The Low Testosterone and Sleep Apnea Connection

According to the National Sleep Foundation, more than 18 million American adults across all age groups and both sexes have sleep apnea, including 11.3 percent of men between 45 and 64—the age group that’s also highly susceptible to chronic low testosterone.

A man covers his face with his hands as he suffers from lack of sleep, possibly caused by a on of

What Is Sleep Apnea?

Obstructive sleep apnea (OSA) is a sleep disorder in which a person’s breathing repeatedly suffers brief interruptions during sleep. These interruptions occur when the muscles in the back of the throat fail to maintain an open airway, which inhibits a person’s efforts to breathe.

These pauses often last ten seconds or more, resulting in fragmented sleep and poor blood oxygen levels, which may complicate a person’s daily life or lower their effectiveness on the job by causing:

  • Insomnia
  • Sleep deprivation
  • Excessive daytime sleepiness

Over time, these harmful conditions may contribute to more serious health problems that include:

  • Hypertension
  • Heart disease
  • Mood swings
  • Memory problems

The Sleep Apnea and Low Testosterone Connection

During sleep, the testosterone (and other hormones) that was used by your body throughout the day is naturally replenished. This replenishment is most effective during REM sleep.

When your sleep is constantly interrupted by a sleep disorder like sleep apnea, the amount of REM sleep you get at night is reduced, which hinders the replenishment cycle. The possible result is insufficient production of testosterone, leading to chronically low levels and some or all of the accompanying symptoms of hypogonadism (the medical term for Low T).

Research Supports the Connection

In one study, researchers from Fujian Medical University separated subjects into four groups based on the severity of their sleep apnea and measured their testosterone levels. Results showed that men suffering from severe OSA had much lower testosterone levels and a higher rate of erectile dysfunction compared to the groups suffering from simple snoring or mild OSA.

A second study showed that men suffering from clinically diagnosed low testosterone:

  • Got less REM sleep
  • Experienced increased nighttime awakenings
  • Suffered from reduced sleep efficiency
  • Exhibited a higher number of complications and symptoms associated with sleep apnea

This study also associated both sleep apnea and low testosterone with obesity, which would indicate the possibility of a cycle of poor health—each of these conditions perpetuating and exacerbating the others, with researchers suggesting continued research into any cause-and-effect relationships.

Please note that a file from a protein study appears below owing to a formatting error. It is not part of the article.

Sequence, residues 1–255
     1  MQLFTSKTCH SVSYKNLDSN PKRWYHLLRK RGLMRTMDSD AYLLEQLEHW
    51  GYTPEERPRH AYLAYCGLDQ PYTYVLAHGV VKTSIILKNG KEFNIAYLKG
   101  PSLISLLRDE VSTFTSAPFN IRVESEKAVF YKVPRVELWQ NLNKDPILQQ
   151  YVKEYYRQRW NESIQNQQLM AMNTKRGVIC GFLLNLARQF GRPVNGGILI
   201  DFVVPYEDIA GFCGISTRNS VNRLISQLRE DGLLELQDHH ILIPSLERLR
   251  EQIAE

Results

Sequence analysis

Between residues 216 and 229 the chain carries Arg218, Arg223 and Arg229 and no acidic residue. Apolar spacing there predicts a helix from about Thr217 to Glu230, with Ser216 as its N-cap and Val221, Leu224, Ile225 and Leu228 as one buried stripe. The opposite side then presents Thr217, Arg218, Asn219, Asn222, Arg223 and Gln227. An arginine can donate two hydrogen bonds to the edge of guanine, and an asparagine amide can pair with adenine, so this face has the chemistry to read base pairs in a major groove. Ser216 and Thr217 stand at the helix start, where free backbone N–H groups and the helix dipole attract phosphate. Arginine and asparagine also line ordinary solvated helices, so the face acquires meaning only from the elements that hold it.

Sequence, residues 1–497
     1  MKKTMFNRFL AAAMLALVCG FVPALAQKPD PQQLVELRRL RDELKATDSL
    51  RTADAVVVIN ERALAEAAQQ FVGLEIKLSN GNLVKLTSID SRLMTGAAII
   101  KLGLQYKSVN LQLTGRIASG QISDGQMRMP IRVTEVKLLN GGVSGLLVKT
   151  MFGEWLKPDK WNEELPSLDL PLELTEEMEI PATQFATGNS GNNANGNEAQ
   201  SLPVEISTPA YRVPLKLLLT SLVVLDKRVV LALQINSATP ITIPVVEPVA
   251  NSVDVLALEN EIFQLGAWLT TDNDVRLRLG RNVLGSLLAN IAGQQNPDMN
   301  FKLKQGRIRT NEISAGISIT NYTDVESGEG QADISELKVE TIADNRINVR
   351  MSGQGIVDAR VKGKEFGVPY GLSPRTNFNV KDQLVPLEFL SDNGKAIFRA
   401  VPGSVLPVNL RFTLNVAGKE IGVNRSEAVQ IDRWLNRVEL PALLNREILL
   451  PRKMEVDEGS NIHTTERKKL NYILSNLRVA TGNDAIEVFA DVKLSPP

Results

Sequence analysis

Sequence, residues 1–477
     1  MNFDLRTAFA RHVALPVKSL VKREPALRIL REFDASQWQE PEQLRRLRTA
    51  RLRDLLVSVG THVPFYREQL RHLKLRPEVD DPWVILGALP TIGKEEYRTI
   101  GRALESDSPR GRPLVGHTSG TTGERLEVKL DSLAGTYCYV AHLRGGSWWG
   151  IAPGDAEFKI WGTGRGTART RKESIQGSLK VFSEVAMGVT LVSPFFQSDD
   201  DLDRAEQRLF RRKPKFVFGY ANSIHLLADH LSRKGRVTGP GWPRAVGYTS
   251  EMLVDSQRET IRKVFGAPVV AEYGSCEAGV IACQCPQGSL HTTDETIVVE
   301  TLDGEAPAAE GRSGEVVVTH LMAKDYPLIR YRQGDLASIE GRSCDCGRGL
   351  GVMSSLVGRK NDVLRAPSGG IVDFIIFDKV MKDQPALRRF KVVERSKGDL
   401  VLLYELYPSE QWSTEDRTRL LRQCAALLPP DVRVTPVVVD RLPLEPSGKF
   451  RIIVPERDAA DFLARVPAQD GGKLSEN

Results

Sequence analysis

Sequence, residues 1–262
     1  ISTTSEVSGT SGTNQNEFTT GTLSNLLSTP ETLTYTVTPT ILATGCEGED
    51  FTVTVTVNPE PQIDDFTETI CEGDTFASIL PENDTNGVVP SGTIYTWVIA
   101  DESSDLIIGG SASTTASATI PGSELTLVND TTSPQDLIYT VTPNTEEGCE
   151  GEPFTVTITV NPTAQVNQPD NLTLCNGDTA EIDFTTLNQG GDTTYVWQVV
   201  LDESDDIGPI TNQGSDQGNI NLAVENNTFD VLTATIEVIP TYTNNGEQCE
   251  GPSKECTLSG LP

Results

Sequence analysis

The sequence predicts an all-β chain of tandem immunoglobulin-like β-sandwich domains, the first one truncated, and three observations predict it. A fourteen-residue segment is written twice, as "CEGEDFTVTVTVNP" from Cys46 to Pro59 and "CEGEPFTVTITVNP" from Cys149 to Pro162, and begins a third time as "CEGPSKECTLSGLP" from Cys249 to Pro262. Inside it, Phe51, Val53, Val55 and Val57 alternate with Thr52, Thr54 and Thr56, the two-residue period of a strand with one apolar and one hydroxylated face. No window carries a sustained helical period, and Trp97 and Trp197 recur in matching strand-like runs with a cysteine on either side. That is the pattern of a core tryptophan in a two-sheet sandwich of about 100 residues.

TRT—Breaking the Cycle

For health to be restored, a vicious cycle must be broken.

Assuming these 3 conditions (low testosterone, sleep apnea, and obesity) all play a role in overall poor health with the potential to cause serious medical consequences, determining which condition to medically treat first could be challenging.

When obesity is a prominent factor, significant weight loss through lifestyle intervention is often assumed to be the best course of action. However, weight loss of an amount sufficient to improve testosterone levels and disrupt the harmful relationship between these conditions often involves extreme changes to lifestyle that are exhausting to achieve and difficult to maintain.

Instead, consider that Testosterone Replacement Therapy (TRT) uses supplementary testosterone to restore testosterone levels to normal, in balance with estrogen and other hormones.

Healthy hormone balance in turn promotes lean muscle production and reduces adipose tissue (body fat) production.

Therefore, it would make good sense that TRT could attack 2 links of the chain simultaneously, contributing to the relief of obstructive sleep apnea symptoms.

That said, some studies have suggested that Testosterone Replacement Therapy (TRT) may exacerbate the severity of pre-existing Sleep Apnea. Talk to your healthcare professional to determine if you consider a sleep study prior to initiating TRT.

Learn More About TRT and Your Health

Our comprehensive guide provides more information on our methods and the associated health benefits of TRT. We have included facts and answers to the most common questions regarding the treatment of Low Testosterone.

Read the Guide


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(Bill) William J. White, PA-C

(Bill) William J. White, PA-C brings over 20 years of surgical experience to our practice. He is a decorated veteran of the United States Army where he served for nearly 6 years with duty assignments, both here and abroad.   During his military career, Bill was trained as a Certified Surgical Technologist, and following an Honorable Discharge from the Army, he attended Texas Tech University.   He graduated with a Bachelor of Science in Biology and went on to attend PA School at the University of Texas Southwestern Medical Center at Dallas. He spent the first 10 years of his career in Neurosurgery.

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  1. Kerry young on 08/24/2020 at 4:57 am

    I have no energy like before my anxiety is terrible.Im lucky to get 5 hours a sleep at night. What kind of test will I be prescribed and for how many weeks? And can I take HGH with it..And what kind of HGH will I take? And I’ve tried everything for my panic attacks and nothing seems to work. Klonopin valium, and Xanax. The Xanax is the only thing that works , and it doesn’t always work. Money isnt a issue….I just want to get back to feeling great again.

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